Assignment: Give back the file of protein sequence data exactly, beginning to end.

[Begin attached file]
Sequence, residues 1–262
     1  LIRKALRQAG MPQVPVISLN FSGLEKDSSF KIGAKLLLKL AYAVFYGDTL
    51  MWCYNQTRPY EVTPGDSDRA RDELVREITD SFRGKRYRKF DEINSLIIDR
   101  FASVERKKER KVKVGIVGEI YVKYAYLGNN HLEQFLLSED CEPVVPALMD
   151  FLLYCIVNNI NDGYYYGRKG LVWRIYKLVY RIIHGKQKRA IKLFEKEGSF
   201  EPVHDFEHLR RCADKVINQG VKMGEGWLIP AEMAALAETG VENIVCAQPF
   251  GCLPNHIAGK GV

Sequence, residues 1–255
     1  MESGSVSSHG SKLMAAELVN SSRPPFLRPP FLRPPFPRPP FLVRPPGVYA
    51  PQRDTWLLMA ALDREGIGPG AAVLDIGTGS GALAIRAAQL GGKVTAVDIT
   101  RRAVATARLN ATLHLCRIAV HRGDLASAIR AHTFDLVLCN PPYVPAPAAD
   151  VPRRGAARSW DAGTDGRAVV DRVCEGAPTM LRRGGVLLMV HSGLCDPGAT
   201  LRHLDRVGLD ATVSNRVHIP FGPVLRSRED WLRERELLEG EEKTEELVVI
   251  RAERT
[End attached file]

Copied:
Sequence, residues 1–262
     1  LIRKALRQAG MPQVPVISLN FSGLEKDSSF KIGAKLLLKL AYAVFYGDTL
    51  MWCYNQTRPY EVTPGDSDRA RDELVREITD SFRGKRYRKF DEINSLIIDR
   101  FASVERKKER KVKVGIVGEI YVKYAYLGNN HLEQFLLSED CEPVVPALMD
   151  FLLYCIVNNI NDGYYYGRKG LVWRIYKLVY RIIHGKQKRA IKLFEKEGSF
   201  EPVHDFEHLR RCADKVINQG VKMGEGWLIP AEMAALAETG VENIVCAQPF
   251  GCLPNHIAGK GV

Sequence, residues 1–255
     1  MESGSVSSHG SKLMAAELVN SSRPPFLRPP FLRPPFPRPP FLVRPPGVYA
    51  PQRDTWLLMA ALDREGIGPG AAVLDIGTGS GALAIRAAQL GGKVTAVDIT
   101  RRAVATARLN ATLHLCRIAV HRGDLASAIR AHTFDLVLCN PPYVPAPAAD
   151  VPRRGAARSW DAGTDGRAVV DRVCEGAPTM LRRGGVLLMV HSGLCDPGAT
   201  LRHLDRVGLD ATVSNRVHIP FGPVLRSRED WLRERELLEG EEKTEELVVI
   251  RAERT